And, as a matter of fact, Ram asked me to write some article back in January. At that time I didn't feel like I was ready and wanted to get a few of these under my belt before I committed to any Photoblog articles. You've boosted my confidence. I hope to eventually become brave and confident enough to write an article or two for the photoblog tutorials. 

Thank you again for your kind words and encouragement. Let me know how the gradient map technique works for you.

1 year, 1 month ago Edited
Russell Smith 1 year, 1 month ago

Another use that I have discovered for Gradient Mapping is do a black and white adjustment layer to get the tones the way that you want then change the blend mode to Luminosity this will change it back to color but keep the changes you made to the tones and sometimes I will do a similar thing with a gradient map. #1 #2 are a tossup as to which one is my favorite one. Either way this is a lovely set of images .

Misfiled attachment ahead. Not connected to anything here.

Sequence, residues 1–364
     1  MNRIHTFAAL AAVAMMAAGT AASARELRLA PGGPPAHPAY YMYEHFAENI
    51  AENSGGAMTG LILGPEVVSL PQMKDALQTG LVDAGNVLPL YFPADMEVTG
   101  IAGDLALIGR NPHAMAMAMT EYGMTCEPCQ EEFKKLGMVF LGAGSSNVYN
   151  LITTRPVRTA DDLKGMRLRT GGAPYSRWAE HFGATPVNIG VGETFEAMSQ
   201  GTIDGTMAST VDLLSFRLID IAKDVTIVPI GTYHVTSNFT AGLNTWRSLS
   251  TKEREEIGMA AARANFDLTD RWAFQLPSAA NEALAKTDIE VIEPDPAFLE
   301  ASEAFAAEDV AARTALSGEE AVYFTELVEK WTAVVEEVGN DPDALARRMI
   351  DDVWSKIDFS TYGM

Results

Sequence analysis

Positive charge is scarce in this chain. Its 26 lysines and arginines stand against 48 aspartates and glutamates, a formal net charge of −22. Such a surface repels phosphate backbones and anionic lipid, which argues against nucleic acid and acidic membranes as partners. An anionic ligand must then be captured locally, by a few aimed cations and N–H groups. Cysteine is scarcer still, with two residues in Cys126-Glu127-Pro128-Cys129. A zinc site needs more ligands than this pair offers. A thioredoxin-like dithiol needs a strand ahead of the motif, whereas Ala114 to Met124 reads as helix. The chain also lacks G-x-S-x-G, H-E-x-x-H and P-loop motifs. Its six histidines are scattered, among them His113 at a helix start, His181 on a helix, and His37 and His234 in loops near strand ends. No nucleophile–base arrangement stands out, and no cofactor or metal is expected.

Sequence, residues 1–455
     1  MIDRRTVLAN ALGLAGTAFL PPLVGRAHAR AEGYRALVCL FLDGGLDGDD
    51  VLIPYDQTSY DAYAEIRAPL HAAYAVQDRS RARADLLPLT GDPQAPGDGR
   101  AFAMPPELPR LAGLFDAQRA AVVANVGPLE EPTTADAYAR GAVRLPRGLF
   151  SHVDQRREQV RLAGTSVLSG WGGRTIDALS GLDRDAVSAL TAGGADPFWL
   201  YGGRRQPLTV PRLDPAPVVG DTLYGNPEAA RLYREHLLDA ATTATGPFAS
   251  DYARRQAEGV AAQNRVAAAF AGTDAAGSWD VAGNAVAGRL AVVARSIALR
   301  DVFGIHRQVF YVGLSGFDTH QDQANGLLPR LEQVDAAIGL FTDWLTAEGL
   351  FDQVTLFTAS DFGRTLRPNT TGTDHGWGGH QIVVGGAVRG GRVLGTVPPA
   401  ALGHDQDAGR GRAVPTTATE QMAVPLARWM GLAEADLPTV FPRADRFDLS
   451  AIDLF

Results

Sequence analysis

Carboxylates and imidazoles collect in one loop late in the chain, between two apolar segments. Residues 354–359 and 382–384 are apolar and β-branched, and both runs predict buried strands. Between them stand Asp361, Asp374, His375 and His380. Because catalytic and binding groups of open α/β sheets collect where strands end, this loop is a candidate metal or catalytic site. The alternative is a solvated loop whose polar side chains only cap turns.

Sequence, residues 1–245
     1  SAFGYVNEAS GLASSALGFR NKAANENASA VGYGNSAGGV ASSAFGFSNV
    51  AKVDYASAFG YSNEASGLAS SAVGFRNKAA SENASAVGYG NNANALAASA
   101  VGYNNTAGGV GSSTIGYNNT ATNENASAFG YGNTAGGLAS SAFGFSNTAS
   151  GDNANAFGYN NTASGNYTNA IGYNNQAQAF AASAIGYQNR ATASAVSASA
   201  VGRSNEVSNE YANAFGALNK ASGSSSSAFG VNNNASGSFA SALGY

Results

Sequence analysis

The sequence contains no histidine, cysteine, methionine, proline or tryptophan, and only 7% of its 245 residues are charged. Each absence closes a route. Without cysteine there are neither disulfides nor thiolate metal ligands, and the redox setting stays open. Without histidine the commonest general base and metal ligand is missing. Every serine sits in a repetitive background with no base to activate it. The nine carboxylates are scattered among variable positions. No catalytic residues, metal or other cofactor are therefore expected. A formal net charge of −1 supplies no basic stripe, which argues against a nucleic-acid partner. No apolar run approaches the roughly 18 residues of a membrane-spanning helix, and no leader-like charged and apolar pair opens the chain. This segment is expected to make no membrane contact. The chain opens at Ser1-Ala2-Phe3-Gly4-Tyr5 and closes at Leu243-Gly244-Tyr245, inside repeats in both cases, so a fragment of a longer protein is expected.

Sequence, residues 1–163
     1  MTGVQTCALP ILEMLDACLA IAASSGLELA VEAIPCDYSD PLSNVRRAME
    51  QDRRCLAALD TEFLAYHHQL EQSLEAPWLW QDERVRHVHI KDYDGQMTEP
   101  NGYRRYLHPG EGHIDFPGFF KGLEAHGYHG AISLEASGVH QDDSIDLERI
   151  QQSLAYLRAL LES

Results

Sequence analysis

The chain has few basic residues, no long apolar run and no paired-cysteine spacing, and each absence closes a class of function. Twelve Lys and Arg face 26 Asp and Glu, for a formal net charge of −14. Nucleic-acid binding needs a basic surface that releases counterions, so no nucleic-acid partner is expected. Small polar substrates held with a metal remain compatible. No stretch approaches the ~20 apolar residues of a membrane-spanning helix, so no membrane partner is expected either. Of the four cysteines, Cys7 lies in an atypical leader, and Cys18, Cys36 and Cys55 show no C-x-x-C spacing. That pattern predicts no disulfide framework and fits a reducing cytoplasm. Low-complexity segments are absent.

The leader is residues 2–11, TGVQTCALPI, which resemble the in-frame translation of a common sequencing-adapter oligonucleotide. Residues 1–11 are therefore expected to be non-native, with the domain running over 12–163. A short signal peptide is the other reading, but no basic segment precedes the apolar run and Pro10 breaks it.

1 year, 1 month ago Edited
Heidi Egerman Replied to Russell Smith 1 year, 1 month ago

Hi Russell. 
Thanks for the tip on blend mode to Luminosity. I've been getting ready to study the luminosity options in Photoshop. I'm not terribly proficient in Photoshop. Sometimes I know just enough to be dangerous. grimacing
Thanks for checking in.

1 year, 1 month ago Edited
Russell Smith Replied to Heidi Egerman 1 year, 1 month ago

I am the same way with photoshop. Piximperfect on youtube has taught me loads. I love the program but sadly I would say if I know 1% of what it is capable of it would be an overstatement.

1 year, 1 month ago Edited